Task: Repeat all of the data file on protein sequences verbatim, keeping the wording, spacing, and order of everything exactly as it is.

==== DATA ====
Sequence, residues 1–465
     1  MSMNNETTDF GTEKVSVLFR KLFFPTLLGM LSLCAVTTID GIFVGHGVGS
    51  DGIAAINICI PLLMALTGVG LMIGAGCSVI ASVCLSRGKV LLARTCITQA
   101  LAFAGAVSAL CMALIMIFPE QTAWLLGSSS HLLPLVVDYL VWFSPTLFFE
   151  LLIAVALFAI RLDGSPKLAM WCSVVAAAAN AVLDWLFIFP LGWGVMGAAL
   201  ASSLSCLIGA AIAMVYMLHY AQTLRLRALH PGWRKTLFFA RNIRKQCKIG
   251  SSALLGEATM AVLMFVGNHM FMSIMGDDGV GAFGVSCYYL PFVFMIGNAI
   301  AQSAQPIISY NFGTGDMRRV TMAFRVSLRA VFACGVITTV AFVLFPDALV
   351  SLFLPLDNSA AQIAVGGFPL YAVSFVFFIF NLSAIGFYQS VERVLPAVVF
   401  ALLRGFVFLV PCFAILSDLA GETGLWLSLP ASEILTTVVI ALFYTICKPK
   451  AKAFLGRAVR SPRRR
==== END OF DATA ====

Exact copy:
Sequence, residues 1–465
     1  MSMNNETTDF GTEKVSVLFR KLFFPTLLGM LSLCAVTTID GIFVGHGVGS
    51  DGIAAINICI PLLMALTGVG LMIGAGCSVI ASVCLSRGKV LLARTCITQA
   101  LAFAGAVSAL CMALIMIFPE QTAWLLGSSS HLLPLVVDYL VWFSPTLFFE
   151  LLIAVALFAI RLDGSPKLAM WCSVVAAAAN AVLDWLFIFP LGWGVMGAAL
   201  ASSLSCLIGA AIAMVYMLHY AQTLRLRALH PGWRKTLFFA RNIRKQCKIG
   251  SSALLGEATM AVLMFVGNHM FMSIMGDDGV GAFGVSCYYL PFVFMIGNAI
   301  AQSAQPIISY NFGTGDMRRV TMAFRVSLRA VFACGVITTV AFVLFPDALV
   351  SLFLPLDNSA AQIAVGGFPL YAVSFVFFIF NLSAIGFYQS VERVLPAVVF
   401  ALLRGFVFLV PCFAILSDLA GETGLWLSLP ASEILTTVVI ALFYTICKPK
   451  AKAFLGRAVR SPRRR